John 14:15-31 The Promise of the Holy Spirit
“If you love me, you will keep my commandments. And I will ask the Father, and he will give you another Advocate, to be with you forever. This is the Spirit of truth, whom the world cannot receive, because it neither sees him nor knows him. You know him, because he abides with you, and he will be in you.
“I will not leave you orphaned; I am coming to you. In a little while the world will no longer see me, but you will see me; because I live, you also will live. On that day you will know that I am in my Father, and you in me, and I in you. They who have my commandments and keep them are those who love me; and those who love me will be loved by my Father, and I will love them and reveal myself to them.” Judas (not Iscariot) said to him, “Lord, how is it that you will reveal yourself to us, and not to the world?” Jesus answered him, “Those who love me will keep my word, and my Father will love them, and we will come to them and make our home with them. Whoever does not love me does not keep my words; and the word that you hear is not mine, but is from the Father who sent me.
“I have said these things to you while I am still with you. But the Advocate, the Holy Spirit, whom the Father will send in my name, will teach you everything, and remind you of all that I have said to you. Peace I leave with you; my peace I give to you. I do not give to you as the world gives. Do not let your hearts be troubled, and do not let them be afraid. You heard me say to you, ‘I am going away, and I am coming to you.’ If you loved me, you would rejoice that I am going to the Father, because the Father is greater than I. And now I have told you this before it occurs, so that when it does occur, you may believe. I will no longer talk much with you, for the ruler of this world is coming. He has no power over me; but I do as the Father has commanded me, so that the world may know that I love the Father. Rise, let us be on our way.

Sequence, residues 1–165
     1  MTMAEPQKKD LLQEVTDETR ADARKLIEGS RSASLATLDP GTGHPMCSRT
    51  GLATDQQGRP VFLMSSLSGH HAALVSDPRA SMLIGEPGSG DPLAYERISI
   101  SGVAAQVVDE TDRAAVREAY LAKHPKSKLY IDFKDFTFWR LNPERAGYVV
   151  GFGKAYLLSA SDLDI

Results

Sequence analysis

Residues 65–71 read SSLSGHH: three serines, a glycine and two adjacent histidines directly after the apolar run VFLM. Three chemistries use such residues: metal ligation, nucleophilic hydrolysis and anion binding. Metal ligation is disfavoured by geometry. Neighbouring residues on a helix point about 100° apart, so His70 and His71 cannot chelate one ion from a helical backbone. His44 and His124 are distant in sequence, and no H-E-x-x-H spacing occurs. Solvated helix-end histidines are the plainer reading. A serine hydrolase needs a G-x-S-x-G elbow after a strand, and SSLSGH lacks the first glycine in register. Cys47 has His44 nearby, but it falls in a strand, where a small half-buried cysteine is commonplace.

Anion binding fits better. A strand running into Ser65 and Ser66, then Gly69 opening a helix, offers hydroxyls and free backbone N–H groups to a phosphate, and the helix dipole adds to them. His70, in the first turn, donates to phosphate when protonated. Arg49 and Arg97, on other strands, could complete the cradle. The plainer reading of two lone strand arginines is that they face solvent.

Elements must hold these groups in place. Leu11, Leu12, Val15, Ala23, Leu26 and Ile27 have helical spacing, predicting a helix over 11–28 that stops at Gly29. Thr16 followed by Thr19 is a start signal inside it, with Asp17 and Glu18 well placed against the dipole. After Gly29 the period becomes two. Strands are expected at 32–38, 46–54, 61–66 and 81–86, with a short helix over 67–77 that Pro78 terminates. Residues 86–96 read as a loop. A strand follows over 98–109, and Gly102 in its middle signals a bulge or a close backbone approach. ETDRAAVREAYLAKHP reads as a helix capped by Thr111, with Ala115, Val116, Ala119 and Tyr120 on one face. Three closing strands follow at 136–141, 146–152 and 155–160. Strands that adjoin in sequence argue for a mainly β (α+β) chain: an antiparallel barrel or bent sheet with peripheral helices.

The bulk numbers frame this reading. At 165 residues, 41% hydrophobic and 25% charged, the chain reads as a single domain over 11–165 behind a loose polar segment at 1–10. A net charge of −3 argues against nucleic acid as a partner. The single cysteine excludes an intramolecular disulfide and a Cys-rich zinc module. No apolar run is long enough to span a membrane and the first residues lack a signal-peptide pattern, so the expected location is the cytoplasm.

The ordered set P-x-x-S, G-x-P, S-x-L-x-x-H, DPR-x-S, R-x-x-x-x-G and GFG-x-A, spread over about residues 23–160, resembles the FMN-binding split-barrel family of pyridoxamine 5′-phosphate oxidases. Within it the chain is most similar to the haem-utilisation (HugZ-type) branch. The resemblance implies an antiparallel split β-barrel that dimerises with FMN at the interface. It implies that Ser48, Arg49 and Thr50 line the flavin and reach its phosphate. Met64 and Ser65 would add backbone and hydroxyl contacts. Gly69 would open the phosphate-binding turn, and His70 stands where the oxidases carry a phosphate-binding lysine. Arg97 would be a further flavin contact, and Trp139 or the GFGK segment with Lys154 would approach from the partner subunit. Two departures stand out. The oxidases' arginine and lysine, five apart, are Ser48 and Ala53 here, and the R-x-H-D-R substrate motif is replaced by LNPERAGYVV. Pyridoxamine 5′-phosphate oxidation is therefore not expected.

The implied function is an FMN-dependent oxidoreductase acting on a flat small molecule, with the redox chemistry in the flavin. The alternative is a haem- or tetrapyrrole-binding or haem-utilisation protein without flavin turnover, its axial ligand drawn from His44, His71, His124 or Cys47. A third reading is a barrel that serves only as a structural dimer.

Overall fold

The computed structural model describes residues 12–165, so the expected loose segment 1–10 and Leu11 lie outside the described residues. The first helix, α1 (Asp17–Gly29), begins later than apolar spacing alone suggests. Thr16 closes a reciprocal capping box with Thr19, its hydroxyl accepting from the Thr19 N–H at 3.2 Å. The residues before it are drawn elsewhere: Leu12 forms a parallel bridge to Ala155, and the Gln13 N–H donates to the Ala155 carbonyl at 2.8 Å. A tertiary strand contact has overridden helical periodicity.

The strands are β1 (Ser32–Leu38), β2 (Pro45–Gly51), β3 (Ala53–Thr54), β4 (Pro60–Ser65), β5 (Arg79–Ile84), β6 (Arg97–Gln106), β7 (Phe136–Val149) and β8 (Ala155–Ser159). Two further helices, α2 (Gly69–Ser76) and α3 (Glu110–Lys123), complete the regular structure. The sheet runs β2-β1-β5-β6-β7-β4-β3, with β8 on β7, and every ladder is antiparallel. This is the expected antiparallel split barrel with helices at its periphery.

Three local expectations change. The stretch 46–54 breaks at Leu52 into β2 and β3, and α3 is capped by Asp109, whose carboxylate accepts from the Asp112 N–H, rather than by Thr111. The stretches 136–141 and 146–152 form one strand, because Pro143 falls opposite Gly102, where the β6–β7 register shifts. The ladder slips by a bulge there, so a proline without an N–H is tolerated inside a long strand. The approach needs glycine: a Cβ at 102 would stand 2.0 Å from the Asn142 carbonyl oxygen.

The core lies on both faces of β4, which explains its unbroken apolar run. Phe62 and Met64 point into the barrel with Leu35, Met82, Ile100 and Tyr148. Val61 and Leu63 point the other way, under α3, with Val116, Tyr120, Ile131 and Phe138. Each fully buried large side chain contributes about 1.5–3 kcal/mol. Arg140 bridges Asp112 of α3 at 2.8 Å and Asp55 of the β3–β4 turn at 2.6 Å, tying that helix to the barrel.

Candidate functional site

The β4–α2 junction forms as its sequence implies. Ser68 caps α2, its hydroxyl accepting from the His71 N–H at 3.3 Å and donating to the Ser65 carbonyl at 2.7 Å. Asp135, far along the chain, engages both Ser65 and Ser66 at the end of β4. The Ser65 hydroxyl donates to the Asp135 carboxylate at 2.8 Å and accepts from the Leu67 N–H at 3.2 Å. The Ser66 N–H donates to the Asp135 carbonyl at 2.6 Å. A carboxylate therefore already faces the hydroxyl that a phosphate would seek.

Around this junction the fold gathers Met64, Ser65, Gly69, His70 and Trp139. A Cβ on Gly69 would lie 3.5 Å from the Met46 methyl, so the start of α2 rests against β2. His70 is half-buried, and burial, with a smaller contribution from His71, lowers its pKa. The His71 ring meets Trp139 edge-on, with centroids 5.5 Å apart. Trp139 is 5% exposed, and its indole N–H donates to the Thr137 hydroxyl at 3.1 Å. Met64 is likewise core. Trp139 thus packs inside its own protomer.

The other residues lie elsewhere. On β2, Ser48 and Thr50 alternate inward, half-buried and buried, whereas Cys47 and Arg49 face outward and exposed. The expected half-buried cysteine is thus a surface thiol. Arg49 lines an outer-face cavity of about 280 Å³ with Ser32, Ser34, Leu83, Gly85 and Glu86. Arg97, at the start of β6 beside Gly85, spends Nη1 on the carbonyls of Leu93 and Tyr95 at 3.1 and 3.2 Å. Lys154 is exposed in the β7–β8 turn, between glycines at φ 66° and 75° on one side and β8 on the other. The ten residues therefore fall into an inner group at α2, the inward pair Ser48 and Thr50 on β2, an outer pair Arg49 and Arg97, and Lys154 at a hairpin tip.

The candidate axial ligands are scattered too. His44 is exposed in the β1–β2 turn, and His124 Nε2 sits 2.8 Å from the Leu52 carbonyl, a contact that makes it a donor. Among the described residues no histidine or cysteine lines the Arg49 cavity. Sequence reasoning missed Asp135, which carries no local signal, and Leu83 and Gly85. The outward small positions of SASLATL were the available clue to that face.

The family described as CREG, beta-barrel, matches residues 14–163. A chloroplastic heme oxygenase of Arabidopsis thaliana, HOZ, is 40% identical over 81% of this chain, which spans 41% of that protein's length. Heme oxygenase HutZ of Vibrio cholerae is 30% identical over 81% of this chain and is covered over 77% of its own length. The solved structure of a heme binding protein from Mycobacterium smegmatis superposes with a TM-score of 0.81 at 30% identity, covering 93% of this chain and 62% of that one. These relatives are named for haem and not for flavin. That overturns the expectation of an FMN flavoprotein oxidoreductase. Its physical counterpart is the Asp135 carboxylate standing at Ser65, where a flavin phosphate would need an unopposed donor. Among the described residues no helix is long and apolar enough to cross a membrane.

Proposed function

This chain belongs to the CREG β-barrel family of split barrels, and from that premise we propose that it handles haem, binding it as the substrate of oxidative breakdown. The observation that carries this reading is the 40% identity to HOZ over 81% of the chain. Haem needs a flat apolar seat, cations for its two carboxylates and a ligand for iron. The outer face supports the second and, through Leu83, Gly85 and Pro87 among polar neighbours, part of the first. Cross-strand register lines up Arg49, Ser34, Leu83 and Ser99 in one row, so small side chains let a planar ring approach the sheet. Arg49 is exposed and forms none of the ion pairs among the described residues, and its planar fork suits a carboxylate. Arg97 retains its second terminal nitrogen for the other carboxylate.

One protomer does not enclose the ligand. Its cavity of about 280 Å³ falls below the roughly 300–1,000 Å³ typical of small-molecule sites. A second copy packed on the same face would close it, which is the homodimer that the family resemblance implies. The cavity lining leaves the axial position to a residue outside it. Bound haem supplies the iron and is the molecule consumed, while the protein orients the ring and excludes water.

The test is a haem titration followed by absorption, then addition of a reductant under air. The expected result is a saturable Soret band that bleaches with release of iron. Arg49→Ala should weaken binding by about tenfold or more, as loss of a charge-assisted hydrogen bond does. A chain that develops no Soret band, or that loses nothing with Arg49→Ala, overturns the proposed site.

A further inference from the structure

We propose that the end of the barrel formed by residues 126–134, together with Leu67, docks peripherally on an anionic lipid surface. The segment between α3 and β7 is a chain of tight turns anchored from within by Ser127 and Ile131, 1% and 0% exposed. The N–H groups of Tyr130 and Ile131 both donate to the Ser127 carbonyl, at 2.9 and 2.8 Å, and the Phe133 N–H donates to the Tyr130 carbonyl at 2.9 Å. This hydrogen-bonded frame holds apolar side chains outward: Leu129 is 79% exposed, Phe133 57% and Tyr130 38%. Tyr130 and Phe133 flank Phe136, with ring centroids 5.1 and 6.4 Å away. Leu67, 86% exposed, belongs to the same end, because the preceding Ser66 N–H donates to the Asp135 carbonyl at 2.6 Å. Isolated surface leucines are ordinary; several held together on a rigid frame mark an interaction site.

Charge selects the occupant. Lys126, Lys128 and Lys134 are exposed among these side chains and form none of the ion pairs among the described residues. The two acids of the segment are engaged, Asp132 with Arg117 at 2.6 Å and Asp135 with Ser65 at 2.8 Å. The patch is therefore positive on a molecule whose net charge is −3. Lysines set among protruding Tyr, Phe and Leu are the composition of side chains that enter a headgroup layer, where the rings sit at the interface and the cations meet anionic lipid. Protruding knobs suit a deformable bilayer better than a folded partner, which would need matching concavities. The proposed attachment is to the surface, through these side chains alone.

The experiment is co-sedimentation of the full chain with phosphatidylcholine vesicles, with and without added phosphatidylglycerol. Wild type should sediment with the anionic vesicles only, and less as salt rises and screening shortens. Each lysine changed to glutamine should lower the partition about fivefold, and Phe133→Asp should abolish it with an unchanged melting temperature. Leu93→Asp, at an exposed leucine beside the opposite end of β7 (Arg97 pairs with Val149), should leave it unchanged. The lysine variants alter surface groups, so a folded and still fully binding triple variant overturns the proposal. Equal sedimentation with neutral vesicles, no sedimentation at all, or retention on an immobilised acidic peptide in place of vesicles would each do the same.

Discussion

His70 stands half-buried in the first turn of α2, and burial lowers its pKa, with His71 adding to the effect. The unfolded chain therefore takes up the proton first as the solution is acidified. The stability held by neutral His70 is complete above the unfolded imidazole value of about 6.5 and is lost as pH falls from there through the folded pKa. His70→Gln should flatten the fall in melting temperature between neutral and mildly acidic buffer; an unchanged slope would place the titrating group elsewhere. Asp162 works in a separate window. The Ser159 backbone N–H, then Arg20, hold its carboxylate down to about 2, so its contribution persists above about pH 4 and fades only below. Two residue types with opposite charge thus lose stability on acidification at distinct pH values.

Peace in Chaos
One of the best newspaper cartoons of all time is Calvin and Hobbes. One day Calvin comes marching into the living room. His mother is seated there in her favorite chair. She is sipping her morning coffee. She looks up at young Calvin. She is amused and amazed at how he is dressed. Calvin’s head is encased in a large space helmet with a big face shield. A cape is draped around his neck, across his shoulders, and down his back.
“What’s up today?” asks his mom.
“Nothing, so far,” answers Calvin.
“So far?” she questions.
“Well, you never know,” Calvin says, “Something could happen today.” Then Calvin marches off, “And if anything does, by golly, I’m going to be ready for it!”
As Calvin leaves his mom says, “I need a suit like that!”
That’s the way many of us feel as we see the news and deal with life. Sometimes this world seems quite violent and people seem to be at each other’s throats. A suit like that would help, so we can say with Calvin, “Whatever may come my way, I’m going to be ready for it! Bring it on!”
Well, I don’t have a suit like Calvin’s to give you (today’s suit consists of medical face masks and gloves) but I do have a promise from God that works in situations like ours: Peace I leave with you; my peace I give you. I do not give to you as the world gives. Do not let your hearts be troubled and do not be afraid.
There is a specific phrase in this scripture that defines God’s peace. It is “Not as the world gives.” The world promises peace through the rule of law. Law and order is the way a society and a people experience peace, and law and order is usually kept by the aggressive use of force. That’s the only way that the world can bring about peace.
There is a Sandra Bullock movie that I find fun. In Miss Congeniality, Bullock plays a very unpolished police officer, who has to go undercover as a beauty contestant. The movie pokes fun at the answers pageant contestants have made when asked the question, “What is your greatest wish?” The answers inevitably came back as world peace. Peace is important. Jesus makes a point to tell his disciples that he is going to leave them with peace. Peace is a vital part of our faith.